The individual personalities, strengths, weaknesses and asprirations complicate project team dynamics. Similarly, functional, project or matrix organisational structures may add another local political dimension.

It is vitally important that the project manager establish a 'team' mentality as soon as possible after team selection and mobilisation. Identifiable roles, lines of reporting and communication play a major part in establishing the perception of the 'team'.

Equally, providing the newly formed team with a overview of the project aims and objectives and how it fits within the corporate programme, gives the project purpose and the team a sense of identity and value.

The communications process should be open and simple, ensuring that all team members have a voice and a means to contribute to develop a sense of collective ownership, objective and desire to succeed.

Project Reporting

Accurate and timely project reporting is fundamental to maintaining a clear understanding of the status of the project.

All too often, project reporting is seen as a chore, when in fact the process of gathering information necessary for the report is more of a daily routine, at the heart of good project management.

Lifecycle Project Management Ltd, advocate the use of the 'Highlight Report', rather than a long-winded narative on each project activity.

Based on a 'report by exception' approach, the 'Highlight Report' gives a bulleted outline of activities completed during the reporting period, activities anticipated to complete in the next period and a commentary on specific issues requiring senior management, project board or customer attention.

Together with an update of the project logs and the project schedule, the report provides a full reference for project status at that time.

Similarly, verbal or short written 'Checkpoint Reports' are provided by the individual team members and subcontractors for assigned work packages, in support of the highlight reporting process.

Work Packages

Just as it is important to ensure that the user requirements specification is unambiguos and achievable, individual work packages and assigments must be clearly defined and understood to avoid abortive effort and rework.

Lifecycle Project Management Ltd approach to controlling team activity is to define individual 'Work Packages', whenever appropriate.

The 'Work Package' can be defined in a short (1 or 2 page) document, stating what has to be produced, the method and tools to be used, the reporting requirement, when the package must be completed and the tolerances to apply.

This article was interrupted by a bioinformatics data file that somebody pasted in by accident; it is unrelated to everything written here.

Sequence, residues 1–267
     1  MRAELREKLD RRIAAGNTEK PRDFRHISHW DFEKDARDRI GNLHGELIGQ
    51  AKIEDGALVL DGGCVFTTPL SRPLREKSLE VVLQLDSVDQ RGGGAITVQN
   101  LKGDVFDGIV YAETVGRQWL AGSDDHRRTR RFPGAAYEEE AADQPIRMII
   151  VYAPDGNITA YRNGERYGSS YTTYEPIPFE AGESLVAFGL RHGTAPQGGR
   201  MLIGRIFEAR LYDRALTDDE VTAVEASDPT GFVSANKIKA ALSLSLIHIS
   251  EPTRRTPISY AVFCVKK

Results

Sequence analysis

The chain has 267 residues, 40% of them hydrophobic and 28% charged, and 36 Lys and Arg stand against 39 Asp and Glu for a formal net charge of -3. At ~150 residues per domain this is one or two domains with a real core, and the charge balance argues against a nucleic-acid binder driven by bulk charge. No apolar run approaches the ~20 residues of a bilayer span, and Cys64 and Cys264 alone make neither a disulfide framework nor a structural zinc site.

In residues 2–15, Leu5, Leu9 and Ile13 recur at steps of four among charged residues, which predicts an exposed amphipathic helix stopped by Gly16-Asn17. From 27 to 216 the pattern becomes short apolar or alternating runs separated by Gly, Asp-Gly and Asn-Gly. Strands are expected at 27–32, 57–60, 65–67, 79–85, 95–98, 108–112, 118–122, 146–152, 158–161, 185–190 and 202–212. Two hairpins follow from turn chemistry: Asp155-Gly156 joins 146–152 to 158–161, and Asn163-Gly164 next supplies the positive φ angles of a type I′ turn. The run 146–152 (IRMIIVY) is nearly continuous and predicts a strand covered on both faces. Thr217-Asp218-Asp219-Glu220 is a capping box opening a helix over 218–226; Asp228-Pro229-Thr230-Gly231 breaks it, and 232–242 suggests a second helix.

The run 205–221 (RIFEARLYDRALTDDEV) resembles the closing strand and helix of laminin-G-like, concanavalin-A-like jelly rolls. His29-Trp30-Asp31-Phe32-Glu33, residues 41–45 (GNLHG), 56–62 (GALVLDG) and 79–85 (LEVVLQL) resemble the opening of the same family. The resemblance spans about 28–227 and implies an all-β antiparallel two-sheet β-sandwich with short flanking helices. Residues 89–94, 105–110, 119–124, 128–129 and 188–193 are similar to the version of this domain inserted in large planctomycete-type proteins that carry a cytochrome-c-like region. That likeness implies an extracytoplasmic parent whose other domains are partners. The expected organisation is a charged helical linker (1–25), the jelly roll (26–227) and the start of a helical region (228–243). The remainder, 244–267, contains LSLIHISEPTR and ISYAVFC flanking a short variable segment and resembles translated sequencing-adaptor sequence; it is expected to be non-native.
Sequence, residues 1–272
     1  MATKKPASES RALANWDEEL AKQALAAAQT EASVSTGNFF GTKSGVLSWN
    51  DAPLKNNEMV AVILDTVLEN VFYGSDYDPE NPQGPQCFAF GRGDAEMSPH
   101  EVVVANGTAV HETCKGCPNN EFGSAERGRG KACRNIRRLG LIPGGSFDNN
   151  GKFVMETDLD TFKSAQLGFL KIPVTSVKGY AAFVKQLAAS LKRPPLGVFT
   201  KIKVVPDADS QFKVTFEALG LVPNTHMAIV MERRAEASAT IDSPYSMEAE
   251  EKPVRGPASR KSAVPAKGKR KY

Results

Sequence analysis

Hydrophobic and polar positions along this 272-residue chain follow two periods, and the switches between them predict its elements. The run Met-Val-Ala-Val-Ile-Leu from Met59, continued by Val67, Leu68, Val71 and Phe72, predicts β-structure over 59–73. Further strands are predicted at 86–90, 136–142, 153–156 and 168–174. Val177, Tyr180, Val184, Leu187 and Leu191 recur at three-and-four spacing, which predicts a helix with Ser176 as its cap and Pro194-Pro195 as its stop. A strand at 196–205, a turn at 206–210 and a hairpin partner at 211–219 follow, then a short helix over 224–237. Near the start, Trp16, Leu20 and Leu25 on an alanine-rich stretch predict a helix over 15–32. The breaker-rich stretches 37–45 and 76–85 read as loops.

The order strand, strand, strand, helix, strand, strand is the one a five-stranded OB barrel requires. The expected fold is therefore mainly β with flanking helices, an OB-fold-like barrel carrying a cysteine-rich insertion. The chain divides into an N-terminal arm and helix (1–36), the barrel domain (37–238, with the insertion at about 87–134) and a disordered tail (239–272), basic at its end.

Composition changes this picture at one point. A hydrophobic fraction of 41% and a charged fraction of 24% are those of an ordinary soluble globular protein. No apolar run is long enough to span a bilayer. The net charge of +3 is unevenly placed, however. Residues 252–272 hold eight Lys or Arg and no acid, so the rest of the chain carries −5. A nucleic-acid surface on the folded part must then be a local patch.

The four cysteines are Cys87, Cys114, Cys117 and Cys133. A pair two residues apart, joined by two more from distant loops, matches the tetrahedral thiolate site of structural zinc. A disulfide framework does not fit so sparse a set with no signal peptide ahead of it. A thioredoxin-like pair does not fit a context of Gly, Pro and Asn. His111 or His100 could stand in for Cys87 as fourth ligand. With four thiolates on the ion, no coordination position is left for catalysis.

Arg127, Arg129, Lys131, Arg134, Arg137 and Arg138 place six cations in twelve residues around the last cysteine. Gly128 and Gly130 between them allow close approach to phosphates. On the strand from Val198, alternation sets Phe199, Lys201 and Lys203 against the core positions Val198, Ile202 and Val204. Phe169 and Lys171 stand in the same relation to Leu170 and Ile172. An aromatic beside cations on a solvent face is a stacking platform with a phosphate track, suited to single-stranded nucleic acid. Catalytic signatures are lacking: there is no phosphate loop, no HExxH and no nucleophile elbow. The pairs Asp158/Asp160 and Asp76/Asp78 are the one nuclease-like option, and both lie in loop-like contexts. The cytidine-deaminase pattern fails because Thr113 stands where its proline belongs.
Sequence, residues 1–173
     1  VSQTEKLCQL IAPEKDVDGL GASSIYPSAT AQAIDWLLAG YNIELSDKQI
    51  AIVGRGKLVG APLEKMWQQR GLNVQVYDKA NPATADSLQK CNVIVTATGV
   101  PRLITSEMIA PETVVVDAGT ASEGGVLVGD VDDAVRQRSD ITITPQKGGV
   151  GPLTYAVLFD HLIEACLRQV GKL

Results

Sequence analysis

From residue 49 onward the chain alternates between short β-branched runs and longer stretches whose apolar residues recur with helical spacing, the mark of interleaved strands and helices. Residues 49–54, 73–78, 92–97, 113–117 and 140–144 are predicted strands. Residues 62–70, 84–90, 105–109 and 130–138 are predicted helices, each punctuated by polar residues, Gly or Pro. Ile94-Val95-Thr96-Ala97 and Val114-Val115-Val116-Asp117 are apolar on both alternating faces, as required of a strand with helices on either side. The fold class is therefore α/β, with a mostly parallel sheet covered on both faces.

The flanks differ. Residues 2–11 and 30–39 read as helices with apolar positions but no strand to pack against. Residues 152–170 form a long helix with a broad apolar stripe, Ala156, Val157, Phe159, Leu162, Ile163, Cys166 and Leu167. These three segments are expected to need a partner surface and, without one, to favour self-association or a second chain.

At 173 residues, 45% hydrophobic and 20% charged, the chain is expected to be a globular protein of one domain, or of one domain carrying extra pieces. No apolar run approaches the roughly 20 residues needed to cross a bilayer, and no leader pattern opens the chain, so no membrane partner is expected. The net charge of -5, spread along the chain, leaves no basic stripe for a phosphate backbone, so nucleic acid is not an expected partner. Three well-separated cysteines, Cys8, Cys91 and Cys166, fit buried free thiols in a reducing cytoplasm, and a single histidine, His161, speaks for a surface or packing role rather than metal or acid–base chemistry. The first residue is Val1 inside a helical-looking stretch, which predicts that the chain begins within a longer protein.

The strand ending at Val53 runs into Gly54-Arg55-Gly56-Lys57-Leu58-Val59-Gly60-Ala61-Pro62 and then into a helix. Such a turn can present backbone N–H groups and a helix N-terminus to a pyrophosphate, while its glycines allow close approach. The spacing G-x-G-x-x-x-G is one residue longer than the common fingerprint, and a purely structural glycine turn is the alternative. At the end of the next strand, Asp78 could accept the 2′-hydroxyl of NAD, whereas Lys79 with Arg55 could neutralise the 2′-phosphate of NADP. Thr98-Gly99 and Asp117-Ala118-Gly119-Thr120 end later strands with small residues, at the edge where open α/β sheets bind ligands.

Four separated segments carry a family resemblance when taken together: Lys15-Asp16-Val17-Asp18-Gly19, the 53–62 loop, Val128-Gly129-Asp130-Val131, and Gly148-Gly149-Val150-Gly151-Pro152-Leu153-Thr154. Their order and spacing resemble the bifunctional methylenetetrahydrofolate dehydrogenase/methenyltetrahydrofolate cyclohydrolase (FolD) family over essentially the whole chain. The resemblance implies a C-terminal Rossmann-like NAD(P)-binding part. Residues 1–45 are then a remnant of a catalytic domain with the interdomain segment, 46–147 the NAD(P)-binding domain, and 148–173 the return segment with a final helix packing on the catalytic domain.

The project manager works with the project team individual assigned to complete the packages to define and agree the contents of the document.

The 'report by exception' approach is adopted, such that the individual only need highlight any issues to the project manager if they expect the tolerance to be breached.

The use of work packages allows the project manager to break the project down into smaller, more manageable lumps or sub-projects, devolving responsibility to his team member or subcontractor and therefore mitigating risk.

Project Logs

Concise and up to date records are an absolute must for the project manager, but maintaining such records can be a full time job in itself, leaving insufficient time for team management and involvement at the coal face.

Equally, the project manager does not want to have to maintain several records, containing similar information, for differing stakeholder audiences.

Lifecycle Project Management Ltd believe the key is to keep a simple set of project logs, which are available for update by any team member as events occur.

The 'Issue Log', 'Action Log', 'Risk Log', 'Quality Log' and 'Lessons Learned Log' should be updated continuously and reviewed on a frequent basis by the project manager.

The project manager may attach the logs to his 'Highlight Report', escalating specific issues for attention of senior management, project board or customer.

Project Planning

Time taken by the project manager to develop his implementation strategy and detailed planning during project mobilisation will pay dividends throughout life of the project. All too often, contract award or authorisation to proceed, is received later than required resulting in the project schedule being stressed. This should not, however, be used as a reason for rushing the planning process or worse still not producing a plan at all!

A well thought out and structured project plan should be seen as a project manager's tool, not a pretty picture for the customer or organisation's management. The plan is more than a 'Gantt Chart' or 'Network Diagram', it is a document that states, 'What will be done', 'How it will be done', 'When it will be done' and 'Who will do it'.

The plan should provide the reader with sufficient information and confidence that the project strategy is such that the three corner stones of 'quality', 'time' and 'cost' will be satisfied to achieve project success.